Blacker than black: Darkest building in the world unveiled in S. Korea

Blacker than black: Darkest building in the world unveiled in S. Korea
A ground-breaking building designed for the Winter Olympics is so dark it looks like a slice of Space. The Hyundai Pavilion in PyeongChang is the blackest building ever, thanks to high-tech paint that plays tricks on the eyes.

Designed by architect Asif Khan, the structure has been spray-painted with the blackest black matt paint ever. ‘Vantablack VBx 2’ is the spray-paint version of Vantablack, the blackest possible pigment. It absorbs an incredible 99 percent of light, making it look like no other black.

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The result is a building that looks like an otherworldly black hole. The walls no longer appear three dimensional, and tiny lights on the building are suggestive of stars against the backdrop of deep darkness.

“From a distance, the structure has the appearance of a window looking into the depths of outer space,” Khan said, ArchDaily reports. “As you approach it, this impression grows to fill your entire field of view. So on entering the building, it feels as though you are being absorbed into a cloud of blackness.”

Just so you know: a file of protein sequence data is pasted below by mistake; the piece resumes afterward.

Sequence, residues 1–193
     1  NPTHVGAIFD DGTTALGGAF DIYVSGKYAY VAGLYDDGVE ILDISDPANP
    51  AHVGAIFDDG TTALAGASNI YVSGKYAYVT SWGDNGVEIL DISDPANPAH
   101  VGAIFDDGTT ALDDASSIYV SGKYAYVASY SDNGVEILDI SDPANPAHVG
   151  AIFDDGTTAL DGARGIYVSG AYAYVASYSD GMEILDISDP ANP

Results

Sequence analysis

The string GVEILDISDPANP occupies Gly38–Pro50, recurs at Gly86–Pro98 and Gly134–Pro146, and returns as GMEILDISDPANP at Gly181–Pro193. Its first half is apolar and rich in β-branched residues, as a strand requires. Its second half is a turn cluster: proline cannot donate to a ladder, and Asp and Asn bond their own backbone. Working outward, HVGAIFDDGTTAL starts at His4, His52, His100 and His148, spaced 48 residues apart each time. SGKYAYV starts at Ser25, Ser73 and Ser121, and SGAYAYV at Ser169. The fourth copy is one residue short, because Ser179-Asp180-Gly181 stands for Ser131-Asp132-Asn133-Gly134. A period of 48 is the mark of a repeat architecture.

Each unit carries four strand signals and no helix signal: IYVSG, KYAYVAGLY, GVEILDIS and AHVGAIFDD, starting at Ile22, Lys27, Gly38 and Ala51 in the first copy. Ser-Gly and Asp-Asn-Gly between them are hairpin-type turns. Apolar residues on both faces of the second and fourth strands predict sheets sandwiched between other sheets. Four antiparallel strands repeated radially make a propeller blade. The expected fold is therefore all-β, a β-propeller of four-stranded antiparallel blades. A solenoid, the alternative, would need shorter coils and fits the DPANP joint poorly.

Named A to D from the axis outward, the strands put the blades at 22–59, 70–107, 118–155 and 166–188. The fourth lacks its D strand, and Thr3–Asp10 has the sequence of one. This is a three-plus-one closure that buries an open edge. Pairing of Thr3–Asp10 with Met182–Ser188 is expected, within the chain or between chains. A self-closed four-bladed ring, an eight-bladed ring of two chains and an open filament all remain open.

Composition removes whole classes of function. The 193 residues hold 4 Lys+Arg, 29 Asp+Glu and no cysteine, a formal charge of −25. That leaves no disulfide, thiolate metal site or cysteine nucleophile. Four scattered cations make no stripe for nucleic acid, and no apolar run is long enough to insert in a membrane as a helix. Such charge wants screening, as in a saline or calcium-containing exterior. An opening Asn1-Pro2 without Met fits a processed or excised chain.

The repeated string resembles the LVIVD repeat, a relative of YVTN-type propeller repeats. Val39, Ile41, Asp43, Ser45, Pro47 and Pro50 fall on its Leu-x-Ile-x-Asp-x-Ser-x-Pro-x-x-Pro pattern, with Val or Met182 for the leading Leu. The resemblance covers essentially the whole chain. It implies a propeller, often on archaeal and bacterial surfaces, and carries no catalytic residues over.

The building’s interior is in sharp contrast to its deep dark outside. Everything is a glossy white and is one big water installation. Haptic sensors allow visitors to change the way the water flows.

The Pavilion’s water and starry sky effect is a reference to Hyundai’s hydrogen fuel-cell vehicle. "In the project, I wanted to move from the scale of the cosmos to the scale of water droplets in a few steps. The droplets contain the same hydrogen from the beginning of the universe as the stars," Khan explained.

Vantablack paint was originally invented for use in space and defense, to reduce atmospheric distortion in telescopes and to cut out stray light refraction from polished lenses.

It is made using millions of carbon nanotubes, which are about 3,500 times thinner than a strand of human hair, and between 14 and 50 microns long. A micron is 0.001 millimeters. Light gets caught in the nanotubes, and eventually dissipates as heat. The spray-paint version was invented by Surrey NanoSystems, but the VBx paints don’t use nanotubes at all.

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